David:

OK, we'll take a quick break there, Marina. I just need to dab a bit of powder on my nose in readiness for a photograph with you afterwards, and when we come back, we're going to have a look at political risks.

Narrator:

Have you ever wanted to learn more about dividend investing? Hi, I'm Todd Wenning, lead advisor from Motley Fool Dividend Edge, here with a special offer for Money Talk podcast listeners. Right now at Dividend Edge, we're investing a real money, £20,000 portfolio in dividend-paying shares, with the goal of generating superior share income. In addition to the share tips, we also provide you with research reports and ongoing coverage of the shares we've recommended. So, if you'd like to improve your knowledge of dividend investing, visit www.dividendedge.fool.co.uk today to learn more. Thanks for your time, and Fool on!

David:

Welcome back to Money Talk. Now, can we have a look at political risks now, Marina? – because, as far as a lot of investors are concerned, you cannot separate political risks when you invest in Russia, and lots of people cannot help but recall pictures of people like Khodorkovsky and Yukos. So how can people be absolutely certain that the business they are invested in won't be interfered with by the Russian government?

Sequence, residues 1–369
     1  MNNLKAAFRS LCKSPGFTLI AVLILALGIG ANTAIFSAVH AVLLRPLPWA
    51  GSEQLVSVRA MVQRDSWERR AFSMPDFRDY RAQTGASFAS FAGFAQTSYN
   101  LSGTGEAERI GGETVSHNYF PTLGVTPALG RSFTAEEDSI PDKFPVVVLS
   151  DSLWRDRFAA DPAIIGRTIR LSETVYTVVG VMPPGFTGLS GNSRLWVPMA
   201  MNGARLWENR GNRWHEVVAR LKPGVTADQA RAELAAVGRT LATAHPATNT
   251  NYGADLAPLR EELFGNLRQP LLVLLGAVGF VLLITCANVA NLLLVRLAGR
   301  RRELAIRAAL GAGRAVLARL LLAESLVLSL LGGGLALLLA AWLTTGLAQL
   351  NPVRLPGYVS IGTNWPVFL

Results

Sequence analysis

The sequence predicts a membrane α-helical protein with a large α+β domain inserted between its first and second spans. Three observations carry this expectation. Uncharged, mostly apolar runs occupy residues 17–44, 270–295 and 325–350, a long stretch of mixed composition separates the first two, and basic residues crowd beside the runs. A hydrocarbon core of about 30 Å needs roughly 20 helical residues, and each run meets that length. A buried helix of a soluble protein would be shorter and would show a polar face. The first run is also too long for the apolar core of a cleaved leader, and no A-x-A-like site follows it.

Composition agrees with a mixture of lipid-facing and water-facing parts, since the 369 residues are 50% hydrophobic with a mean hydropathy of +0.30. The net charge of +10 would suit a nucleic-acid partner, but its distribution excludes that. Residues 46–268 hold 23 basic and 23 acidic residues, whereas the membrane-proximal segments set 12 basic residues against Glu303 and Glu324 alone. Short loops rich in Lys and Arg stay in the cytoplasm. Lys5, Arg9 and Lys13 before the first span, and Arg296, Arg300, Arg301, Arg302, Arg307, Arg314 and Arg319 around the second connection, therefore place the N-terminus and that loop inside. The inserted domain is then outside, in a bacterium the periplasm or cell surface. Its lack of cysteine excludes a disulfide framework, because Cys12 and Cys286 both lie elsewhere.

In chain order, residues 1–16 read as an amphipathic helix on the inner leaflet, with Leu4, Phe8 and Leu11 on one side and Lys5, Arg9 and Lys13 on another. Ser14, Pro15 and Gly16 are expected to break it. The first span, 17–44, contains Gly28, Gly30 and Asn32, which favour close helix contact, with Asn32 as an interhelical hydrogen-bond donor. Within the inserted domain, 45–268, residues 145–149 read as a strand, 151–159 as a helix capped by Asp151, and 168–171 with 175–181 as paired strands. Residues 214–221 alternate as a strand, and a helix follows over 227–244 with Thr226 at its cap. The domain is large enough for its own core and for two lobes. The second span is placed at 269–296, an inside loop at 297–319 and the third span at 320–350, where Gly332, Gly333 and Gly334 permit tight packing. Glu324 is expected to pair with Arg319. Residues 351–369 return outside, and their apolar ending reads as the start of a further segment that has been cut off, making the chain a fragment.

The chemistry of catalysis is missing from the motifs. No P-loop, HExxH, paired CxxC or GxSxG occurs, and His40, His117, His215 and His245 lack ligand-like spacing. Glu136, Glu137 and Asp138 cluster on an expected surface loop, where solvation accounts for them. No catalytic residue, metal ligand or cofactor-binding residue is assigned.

Marina:

I think first of all, people have to remember where Russia is coming from, and what a phenomenal change the country went through from the early Nineties. You had a complete change of system from a communist command economy to a market economy. Until Putin came to power, Russia basically was in a total anarchy where you had President Yeltsin that was not really managing the economy and politics in a good way. Also, one has to remember how the accumulation of private capital happened in Russia. There were a load of criminal practices, and the privatisation did not happen in any way or form which could be called legitimate. I don't think anybody can doubt it now, or argue against that.